Ontario to boost minimum wage Jan. 1

Rate of $15 per hour to be announced by Conservatives

Ontario to boost minimum wage Jan. 1

Almost three years after the Conservative government in Ontario repealed much of the previous administration’s Bill 148, Fair Workplaces, Better Jobs Act, Premier Doug Ford is set to announce the province’s minimum wage will rise.

As of Jan. 1, 2022, the wage will increase to $15 per hour. It now sits at $14.35, having gone up from $14.25 on Oct. 1, 2021.

But the move was met with skepticism by some.

“Ford's wage freeze in 2018 cost Ontario's minimum wage earners $6200. Seven months before an election, now that he’s desperate for votes, @fordnation’s finally ending his fight against minimum wage workers,” tweeted Steven Del Duca, leader of the Ontario Liberal party.

“Ford chose to take over $5,000 out of the pockets of minimum wage earners by canceling their wage increase. He needs to give it back. That means a meaningful increase to the living wage — because $15 an hour just won't cut it anymore,” tweeted Andrea Horwath, leader of the Ontario NDP party.

Does a minimum wage hurt or help?

However, these increases do little to lower poverty rates and can actually hurt low-income workers, according to a report from the Fraser Institute, as the increases can raise unemployment levels because businesses often respond by laying off workers, reducing work hours or hiring less (or not at all).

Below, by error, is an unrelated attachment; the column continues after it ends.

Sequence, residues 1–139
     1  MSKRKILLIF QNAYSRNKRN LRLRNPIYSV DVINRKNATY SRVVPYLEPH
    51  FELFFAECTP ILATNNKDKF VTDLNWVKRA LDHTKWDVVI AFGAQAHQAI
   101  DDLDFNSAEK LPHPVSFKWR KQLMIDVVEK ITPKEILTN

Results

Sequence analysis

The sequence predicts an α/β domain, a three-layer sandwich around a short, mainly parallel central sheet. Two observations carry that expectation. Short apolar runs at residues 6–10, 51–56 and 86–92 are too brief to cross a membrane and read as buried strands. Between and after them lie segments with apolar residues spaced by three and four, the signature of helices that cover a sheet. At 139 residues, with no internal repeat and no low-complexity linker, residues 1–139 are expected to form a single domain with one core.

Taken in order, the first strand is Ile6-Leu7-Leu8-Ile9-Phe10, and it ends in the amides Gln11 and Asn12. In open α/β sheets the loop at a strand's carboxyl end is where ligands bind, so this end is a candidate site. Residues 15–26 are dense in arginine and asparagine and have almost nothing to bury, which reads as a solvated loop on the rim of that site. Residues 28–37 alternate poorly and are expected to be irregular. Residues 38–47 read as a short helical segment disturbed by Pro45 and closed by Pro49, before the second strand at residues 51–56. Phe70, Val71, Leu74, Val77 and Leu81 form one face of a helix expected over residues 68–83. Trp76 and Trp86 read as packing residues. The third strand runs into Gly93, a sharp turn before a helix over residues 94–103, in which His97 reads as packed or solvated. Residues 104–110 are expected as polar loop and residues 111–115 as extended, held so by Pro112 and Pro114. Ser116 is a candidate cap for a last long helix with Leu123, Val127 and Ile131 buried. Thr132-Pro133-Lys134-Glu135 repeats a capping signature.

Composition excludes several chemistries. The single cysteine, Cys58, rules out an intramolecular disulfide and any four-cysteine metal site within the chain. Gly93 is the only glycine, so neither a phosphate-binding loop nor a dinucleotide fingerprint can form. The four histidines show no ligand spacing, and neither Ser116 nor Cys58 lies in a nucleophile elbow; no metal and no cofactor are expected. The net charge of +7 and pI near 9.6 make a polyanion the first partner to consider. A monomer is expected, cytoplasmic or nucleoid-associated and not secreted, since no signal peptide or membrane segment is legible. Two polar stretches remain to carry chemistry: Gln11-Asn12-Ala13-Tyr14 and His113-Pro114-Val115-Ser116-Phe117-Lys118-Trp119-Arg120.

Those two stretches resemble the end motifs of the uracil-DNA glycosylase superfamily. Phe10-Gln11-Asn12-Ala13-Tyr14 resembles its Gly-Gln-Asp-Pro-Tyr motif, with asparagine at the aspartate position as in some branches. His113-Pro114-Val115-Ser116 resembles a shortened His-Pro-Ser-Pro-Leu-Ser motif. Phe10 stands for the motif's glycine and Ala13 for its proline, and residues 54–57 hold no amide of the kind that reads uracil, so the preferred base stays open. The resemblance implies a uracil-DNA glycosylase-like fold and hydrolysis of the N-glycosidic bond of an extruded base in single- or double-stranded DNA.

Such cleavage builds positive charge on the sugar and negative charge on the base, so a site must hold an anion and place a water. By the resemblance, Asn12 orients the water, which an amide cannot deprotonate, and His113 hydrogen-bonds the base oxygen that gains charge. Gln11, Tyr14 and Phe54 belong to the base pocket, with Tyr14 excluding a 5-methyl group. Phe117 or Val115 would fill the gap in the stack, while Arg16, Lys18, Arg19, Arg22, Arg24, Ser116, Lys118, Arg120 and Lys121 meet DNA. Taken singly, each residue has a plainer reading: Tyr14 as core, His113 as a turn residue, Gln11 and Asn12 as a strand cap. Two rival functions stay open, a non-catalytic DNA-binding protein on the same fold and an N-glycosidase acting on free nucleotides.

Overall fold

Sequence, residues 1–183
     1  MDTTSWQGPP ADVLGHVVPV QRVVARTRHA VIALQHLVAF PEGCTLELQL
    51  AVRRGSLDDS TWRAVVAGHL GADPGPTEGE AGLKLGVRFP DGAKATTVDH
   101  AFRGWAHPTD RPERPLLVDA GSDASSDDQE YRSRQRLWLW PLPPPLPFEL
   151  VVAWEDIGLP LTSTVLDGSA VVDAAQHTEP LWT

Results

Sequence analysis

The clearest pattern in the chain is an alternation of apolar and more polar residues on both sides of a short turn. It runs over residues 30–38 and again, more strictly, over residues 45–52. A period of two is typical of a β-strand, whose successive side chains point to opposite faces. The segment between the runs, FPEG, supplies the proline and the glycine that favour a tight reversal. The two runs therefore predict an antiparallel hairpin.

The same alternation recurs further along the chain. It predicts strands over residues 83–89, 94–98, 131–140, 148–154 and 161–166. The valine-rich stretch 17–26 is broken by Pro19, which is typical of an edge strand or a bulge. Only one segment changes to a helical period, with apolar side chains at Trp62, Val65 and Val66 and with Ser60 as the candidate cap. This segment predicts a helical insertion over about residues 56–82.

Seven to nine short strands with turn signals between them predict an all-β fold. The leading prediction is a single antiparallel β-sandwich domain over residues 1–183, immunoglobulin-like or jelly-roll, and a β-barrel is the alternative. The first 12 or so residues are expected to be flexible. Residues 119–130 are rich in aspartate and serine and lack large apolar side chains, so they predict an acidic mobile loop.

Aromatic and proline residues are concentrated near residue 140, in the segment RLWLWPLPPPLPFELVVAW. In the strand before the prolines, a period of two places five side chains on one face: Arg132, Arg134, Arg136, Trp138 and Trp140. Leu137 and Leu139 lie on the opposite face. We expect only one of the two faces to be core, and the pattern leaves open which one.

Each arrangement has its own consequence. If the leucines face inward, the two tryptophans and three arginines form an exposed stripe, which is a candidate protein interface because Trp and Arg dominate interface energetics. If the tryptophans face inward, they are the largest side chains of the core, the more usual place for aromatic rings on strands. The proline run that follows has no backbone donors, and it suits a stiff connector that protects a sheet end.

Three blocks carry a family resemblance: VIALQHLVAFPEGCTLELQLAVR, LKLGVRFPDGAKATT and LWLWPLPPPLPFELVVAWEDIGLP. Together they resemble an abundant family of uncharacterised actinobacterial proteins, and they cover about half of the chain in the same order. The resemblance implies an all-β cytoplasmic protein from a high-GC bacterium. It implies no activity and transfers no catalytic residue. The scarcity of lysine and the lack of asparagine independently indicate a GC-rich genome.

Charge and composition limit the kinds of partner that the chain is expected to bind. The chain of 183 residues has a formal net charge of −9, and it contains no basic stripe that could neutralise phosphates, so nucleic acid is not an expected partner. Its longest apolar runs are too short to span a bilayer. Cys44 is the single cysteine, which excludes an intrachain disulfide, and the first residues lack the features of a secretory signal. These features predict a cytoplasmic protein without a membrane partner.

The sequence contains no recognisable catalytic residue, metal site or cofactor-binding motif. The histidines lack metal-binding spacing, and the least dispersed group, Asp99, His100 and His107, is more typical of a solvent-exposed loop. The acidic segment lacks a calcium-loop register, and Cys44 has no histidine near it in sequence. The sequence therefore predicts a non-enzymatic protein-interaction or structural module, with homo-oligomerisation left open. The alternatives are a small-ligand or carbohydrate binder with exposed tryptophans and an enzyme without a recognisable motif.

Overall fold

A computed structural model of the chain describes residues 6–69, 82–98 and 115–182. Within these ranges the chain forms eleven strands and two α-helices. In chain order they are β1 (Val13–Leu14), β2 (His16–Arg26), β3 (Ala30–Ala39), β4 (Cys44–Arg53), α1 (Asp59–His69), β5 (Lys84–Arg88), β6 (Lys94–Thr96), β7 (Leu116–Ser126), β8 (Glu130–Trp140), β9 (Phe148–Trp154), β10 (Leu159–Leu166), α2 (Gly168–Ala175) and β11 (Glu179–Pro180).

But the benefits of a higher minimum wage include higher productivity, reduced turnover and increased staff loyalty, says the Better Way Alliance, which includes smaller employers.

“Unfortunately, some big companies that have profited from the pandemic refuse to provide decent wages. The business groups that represent those corporations stoked fears that the minimum wage would lead to job losses in 2018, but the economy actually gained jobs. Those same voices are now saying it’s bad timing for business,” it says.

“The truth is the pandemic has confirmed that decent work is essential for our businesses and the foundation of a healthy economy. This is exactly why businesses like ours pay decent wages and provide paid sick days.”

The International Labor Organization says there is still much debate over whether and how minimum wages affect jobs, employee numbers and hours worked.

“According to one view, minimum wages increase the cost of labour above the marginal productivity of low-paid workers and thus prices them out of the market. Other theories consider that up to a certain level, the cost of minimum wages can be absorbed through a combination of lower wage increases for more highly paid workers, lower profit margins, higher productivity, and/or lower employee turnover. Keynesian macroeconomics suggests that employment may increase if minimum wages lead to higher domestic consumption and aggregate demand.”

A $15-per-hour federal minimum wage for Canada has officially been approved in Ottawa. The change will affect workers in the federally regulated private sector starting Dec. 29, 2021.

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